Penguins on postage stamps
The new stamps of South Georgia depict Chinstrap penguins. There are four stamp designs released as stamps with values of 2 x 55p, 1 x 65p and 1 x 95p. Each postage stamp bears the WWF Panda symbol. These stamps are available in a number of different formats, namely, sheets of 50 (2 x 25 with gutter), sheetlets of 16 (4 sets) in staggered se-tenant format and a shape cut s/s (a first for the WWF) containing 1 set of stamps.
Chinstrap penguins, Pygoscelis antarcticus, are named after the distinctive thin black band of feathers which runs from one side of the head to the other, just under their bill and which resembles the chin strap of a helmet. Their coat of feathers is dense for insulation and water proofing, and they have a thick layer of blubber as an energy store. The chicks have gray backs and white fronts and the adults have black backs and white fronts.
Chinstrap penguins feed on small shoaling fish and krill. Their main predator is the leopard seal, the eggs and chicks are preyed upon by sheath bills and brown skuas.
These penguins communicate through ritual behaviors of head and flipper waving, calling, bowing, gesturing and preening. Stares, pointing and charging may occur when territorial disputes arise. They live and breed in large colonies on ice-free slopes where they build nests using stones. During courtship the male pumps his chest and stretches his head upwards. He emits loud screeching sounds, which the others join in - it is thought that this helps to synchronize the breeding cycle.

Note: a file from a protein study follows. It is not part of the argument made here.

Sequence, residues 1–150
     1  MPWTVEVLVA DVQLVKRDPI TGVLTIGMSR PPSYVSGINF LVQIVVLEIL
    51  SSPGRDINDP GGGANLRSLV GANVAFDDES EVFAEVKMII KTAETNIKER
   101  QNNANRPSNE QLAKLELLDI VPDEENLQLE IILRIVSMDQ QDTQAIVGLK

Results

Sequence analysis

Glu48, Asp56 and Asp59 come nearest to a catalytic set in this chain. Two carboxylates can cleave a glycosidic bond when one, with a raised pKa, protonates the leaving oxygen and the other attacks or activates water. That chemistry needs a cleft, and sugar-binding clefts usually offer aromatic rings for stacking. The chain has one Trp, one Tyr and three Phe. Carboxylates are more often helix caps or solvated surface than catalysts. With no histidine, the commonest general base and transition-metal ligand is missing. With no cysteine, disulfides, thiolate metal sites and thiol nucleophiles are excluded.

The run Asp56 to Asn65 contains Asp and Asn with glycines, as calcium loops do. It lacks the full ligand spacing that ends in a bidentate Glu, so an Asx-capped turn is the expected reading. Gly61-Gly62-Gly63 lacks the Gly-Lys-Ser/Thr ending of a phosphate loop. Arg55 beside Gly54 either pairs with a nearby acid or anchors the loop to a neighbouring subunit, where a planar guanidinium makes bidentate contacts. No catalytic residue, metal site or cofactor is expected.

Strong pair bond
Chinstrap penguins form a strong pair bond, returning each year to the same nest site with the same partner. They lay two eggs late in November that are incubated by both parents in 5-10 day shifts. After five to six weeks in early January the chicks hatch but remain in the nest for a further 20-30 days before they join the crèche (where young penguins huddle together for warmth). At seven weeks old and after molting the chicks go to sea.
There are colonies of Chinstrap penguins on South Georgia although the main concentrations in the Territory are on the South Sandwich Islands - a string of remote volcanic islands, which stretch in an arc south-east of South Georgia. Because of the remoteness and inhospitable nature of these Islands the colonies there are rarely visited and were last surveyed in 1997.
Mass mortality of penguins
The Chinstrap penguins on South Georgia are more frequently seen and a recent tourist visit caused considerable concern when in late 2004 South Georgia Government received a report from MV Polar Pioneer of a mass mortality of birds in the Cooper Bay Chinstrap colony. As a precaution the site was immediately closed to all visitors. Veterinary staff in Stanley in the Falkland Islands confirmed that Avian Cholera was the cause of the illness.
Since then the health of the colony has been monitored and the bird numbers have recovered well. However, Government has adopted a precautionary approach and the site remains closed to all visitors to avoid possible transfer of the pathogen to other healthy colonies. It is not yet known whether the disease is endemic or had been imported from elsewhere.
However there are now increased bio-security measures in place for all visitors to South Georgia which require strict inspections and cleaning of clothing and equipment both on arrival and on any movement between sites.
Postage stamps in detail
Issue: South Georgia, 10 July 2008
Stamp design: Owen Bell
Print: Lithography by BDT International Security Printing
Perforation: 14 per 2cms
Stamp size: 28.45 x 42.58mm
More information Postage Stamps
Postage Stamps 2008
Stamps South Georgia and the South Sandwich Islands
South Georgia Fisheries
International Polar Year
Scouts of the Quest
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